Carl Struthers
Research & Technical Officer: Fishes
Museum of New Zealand Te Papa Tongarewa (Te Papa)

Carl Struthers, Research & Technical Officer: Fishes, Museum of New Zealand Te Papa Tongarewa

What research are you undertaking on this expedition?

I am hoping to explore several research questions on this expedition, with each of them based around the general theme fish biodiversity.  1) Compile an inventory of the fishes from these islands in order to help understand the biodiversity and species distributions in the southwest Pacific. 2) Investigate the deepwater fish fauna (50-700m) in tropical waters. Most of the work in these waters are based around coral reef fauna, but there are interesting patterns of diversity beyond diving depth that are generally too hard to collect and are poorly represented in museum collections 3) To collect members of the Scorpionfish family, a large and diverse group of fishes. Further genetic and taxonomic research is needed in this area with new species continually being discovered and described.      
 
How would you summarise what you are hoping to achieve by taking part in this expedition?

We will hope to discover new species and to try better understand and document the biodiversity of fishes at these poorly sampled and rather remote tropical islands. To do this we will be using a wide range of techniques to sample the fishes such as SCUBA, line fishing, dip net and baited traps, each sampling different parts of the local fish fauna from 0-700m. I will working with a team who will collect, identifying and register the fish specimens. These representative collections of fish species will then be deposited in museums when we get back to shore, where they will be available for further taxonomic and biodiversity research for generations to come. In addition we will also be tissue sampling and photographing the fishes at sea to aid us with identification and with future genetic and taxonomic research projects.


Clinton Duffy
Massey Fin Print team
Marine Associate Auckland Museum

Clinton Duffy from the Massey Fin Print team

Clinton has worked as a marine scientist and marine and freshwater technical support officer for the Department of Conservation since 1989. At present I work for the Department's Marine Ecosystems Team, based in Auckland. I am also a Marine Associate of Auckland Museum and a part-time PhD student at Auckland University. My areas of expertise include the classification and biology of chondrichthyan fishes (sharks, rays and chimaeras), marine ecology and marine protected areas. My current research projects include regional connectivity and population monitoring of great white sharks, population structure of Galapagos sharks in the SW Pacific, the taxonomy of spiny dogfishes and smoothhound sharks, and the marine flora and fauna of the Kermadec Islands Marine Reserve.

What research are you undertaking on this expedition?

On this expedition I will be working with Dr Adam Smith, Massey University, to monitor reef shark populations using baited underwater video as part of the Global Fin Print project; making collections of spiny dogfishes and other sharks from deep water habitats (> 200 m depth); collecting tissue samples from Galapagos sharks, whitetip reef sharks and coral trout for other scientists studying the population genetics of these species; making representative collections of seaweeds; and recording observations of marine mammals, particularly humpback whales, for the South Pacific Whale Research Consortium.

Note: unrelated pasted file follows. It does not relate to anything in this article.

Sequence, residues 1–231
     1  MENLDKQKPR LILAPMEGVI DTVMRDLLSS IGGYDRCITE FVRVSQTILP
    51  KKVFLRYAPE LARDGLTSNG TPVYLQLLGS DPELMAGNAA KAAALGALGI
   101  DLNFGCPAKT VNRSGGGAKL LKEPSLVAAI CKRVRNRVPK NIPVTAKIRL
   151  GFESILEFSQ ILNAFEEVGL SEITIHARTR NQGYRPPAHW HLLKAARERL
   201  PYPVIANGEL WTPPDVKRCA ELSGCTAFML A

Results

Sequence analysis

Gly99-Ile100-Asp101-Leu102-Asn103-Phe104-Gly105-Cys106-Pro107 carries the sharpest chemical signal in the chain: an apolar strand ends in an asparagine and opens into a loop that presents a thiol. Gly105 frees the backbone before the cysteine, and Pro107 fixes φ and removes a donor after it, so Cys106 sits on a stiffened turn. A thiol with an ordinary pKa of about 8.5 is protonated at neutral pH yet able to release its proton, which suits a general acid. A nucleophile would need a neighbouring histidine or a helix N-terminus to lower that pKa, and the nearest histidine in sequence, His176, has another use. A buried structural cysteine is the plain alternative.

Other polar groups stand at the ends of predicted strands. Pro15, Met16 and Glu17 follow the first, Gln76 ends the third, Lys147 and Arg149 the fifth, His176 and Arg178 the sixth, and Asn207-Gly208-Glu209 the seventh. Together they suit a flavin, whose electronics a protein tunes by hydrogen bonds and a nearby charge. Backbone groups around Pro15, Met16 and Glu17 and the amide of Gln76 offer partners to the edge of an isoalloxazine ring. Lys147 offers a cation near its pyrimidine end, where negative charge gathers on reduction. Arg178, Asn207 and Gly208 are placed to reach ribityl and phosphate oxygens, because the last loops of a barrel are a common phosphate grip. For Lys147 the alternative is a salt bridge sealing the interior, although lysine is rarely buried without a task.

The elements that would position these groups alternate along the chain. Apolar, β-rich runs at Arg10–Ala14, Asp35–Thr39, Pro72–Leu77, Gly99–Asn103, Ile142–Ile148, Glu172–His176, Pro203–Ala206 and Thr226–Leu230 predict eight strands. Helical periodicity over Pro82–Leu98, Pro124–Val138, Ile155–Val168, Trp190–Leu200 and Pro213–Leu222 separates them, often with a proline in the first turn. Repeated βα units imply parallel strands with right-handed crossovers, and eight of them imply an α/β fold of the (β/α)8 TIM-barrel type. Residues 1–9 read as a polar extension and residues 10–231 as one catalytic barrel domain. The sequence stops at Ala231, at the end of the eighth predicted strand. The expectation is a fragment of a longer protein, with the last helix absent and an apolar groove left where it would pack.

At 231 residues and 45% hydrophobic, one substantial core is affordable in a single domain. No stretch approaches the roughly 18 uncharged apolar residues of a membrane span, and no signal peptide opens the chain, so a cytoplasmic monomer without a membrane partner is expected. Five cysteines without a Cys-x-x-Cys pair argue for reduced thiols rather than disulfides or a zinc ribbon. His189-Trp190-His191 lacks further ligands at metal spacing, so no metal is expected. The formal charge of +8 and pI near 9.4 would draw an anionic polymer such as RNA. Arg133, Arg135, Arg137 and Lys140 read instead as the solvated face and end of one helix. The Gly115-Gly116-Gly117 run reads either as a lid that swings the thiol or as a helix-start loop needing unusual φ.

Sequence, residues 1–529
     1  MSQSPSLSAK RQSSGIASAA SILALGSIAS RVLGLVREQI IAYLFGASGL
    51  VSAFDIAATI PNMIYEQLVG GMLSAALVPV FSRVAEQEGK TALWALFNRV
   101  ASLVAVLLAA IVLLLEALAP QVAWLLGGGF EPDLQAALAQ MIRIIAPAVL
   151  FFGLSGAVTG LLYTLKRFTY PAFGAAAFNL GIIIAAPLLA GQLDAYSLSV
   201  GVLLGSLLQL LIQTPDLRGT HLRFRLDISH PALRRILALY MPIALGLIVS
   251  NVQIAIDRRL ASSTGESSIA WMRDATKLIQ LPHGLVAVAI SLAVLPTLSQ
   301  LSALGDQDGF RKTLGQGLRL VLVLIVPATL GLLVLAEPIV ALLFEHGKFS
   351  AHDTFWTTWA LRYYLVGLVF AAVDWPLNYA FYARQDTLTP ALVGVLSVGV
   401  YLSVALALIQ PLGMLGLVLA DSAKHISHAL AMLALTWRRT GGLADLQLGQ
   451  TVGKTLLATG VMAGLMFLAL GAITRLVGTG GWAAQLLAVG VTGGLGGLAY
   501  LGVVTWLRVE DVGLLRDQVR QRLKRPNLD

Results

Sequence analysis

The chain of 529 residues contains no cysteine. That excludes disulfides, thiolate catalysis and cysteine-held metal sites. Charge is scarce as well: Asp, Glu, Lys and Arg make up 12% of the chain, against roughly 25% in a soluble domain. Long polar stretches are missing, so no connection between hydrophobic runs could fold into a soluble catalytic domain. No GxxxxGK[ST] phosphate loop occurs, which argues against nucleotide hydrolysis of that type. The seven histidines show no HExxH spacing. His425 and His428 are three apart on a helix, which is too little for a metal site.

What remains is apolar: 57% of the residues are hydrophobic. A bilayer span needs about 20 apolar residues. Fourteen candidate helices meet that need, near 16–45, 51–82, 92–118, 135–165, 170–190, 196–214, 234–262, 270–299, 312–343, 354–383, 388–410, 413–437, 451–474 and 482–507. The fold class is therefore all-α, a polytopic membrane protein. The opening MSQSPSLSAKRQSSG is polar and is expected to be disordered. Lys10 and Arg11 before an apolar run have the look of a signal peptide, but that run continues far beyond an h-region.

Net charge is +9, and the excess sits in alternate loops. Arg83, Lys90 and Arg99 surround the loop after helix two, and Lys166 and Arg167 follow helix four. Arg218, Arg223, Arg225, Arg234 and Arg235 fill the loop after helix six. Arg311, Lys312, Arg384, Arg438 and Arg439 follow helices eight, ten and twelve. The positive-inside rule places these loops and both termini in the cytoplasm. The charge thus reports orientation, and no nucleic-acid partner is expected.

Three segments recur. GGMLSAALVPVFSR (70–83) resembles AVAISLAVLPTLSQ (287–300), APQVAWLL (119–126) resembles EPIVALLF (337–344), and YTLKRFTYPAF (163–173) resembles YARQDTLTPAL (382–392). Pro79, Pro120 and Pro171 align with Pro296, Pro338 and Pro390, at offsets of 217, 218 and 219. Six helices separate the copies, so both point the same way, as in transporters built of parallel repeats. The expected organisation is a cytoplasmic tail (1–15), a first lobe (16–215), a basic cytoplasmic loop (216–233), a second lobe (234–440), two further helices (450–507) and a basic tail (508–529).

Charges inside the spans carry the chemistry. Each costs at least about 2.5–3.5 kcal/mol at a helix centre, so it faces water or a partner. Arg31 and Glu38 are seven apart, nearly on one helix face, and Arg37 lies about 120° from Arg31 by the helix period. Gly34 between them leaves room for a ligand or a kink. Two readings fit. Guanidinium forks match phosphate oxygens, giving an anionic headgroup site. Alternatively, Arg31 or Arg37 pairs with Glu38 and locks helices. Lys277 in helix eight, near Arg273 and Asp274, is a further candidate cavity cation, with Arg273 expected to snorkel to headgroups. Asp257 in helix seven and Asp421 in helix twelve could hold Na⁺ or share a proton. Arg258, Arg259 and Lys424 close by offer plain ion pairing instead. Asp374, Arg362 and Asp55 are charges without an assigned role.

What are you hoping to achieve by taking part in this expedition?

My overall aim is to clarify the distribution of a number of shark species in the region, particularly Galapagos shark, sandbar shark and the spiny dogfishes.  At least six species of spiny dog fishes occur on seamounts, oceanic ridges and insular slopes in the region. About half are only known from a handful of specimens collected a long time ago, or have only recently been described meaning that we know almost nothing about their distributions or biology. I am hoping to fill in some of those knowledge gaps and perhaps discover some new species.  This is also the time of year that great white sharks migrate from New Zealand to the Coral Sea, Fiji and Tonga. My colleagues and I have tracked a number of New Zealand great whites to southern New Caledonia and Hunter Ridge near Mathew Island, so I am secretly hoping that we encounter some great whites on their winter holiday. Every great white is individually recognisable from its colour pattern so if we are able to get underwater images of any I may be able to match them to sharks in my photo-identification catalogue, or possibly recognise them again in a subsequent encounter somewhere else like Stewart Island or the Chatham Islands.


David Aguirre
Lecturer - Marine Ecology
Massey University

David Aguirre, Lecturer in Marine Ecology, Massey University

David Aguirre is a New Zealander and lecturer in marine ecology at Massey University in Albany. After years living and studying overseas he returned to New Zealand to make a contribution to advancing our understanding the forces governing the distribution of marine organisms surrounding our island nation.

What research are you undertaking on this expedition?

During this voyage David will be surveying the coral communities of the Southwest Pacific. In particular, David will focus on building our understanding of the biogeography of the most diverse group of reef building coral – the staghorn corals – as well as those corals present at the Kermadec islands, New Zealand.

What are you hoping to achieve by taking part in this expedition?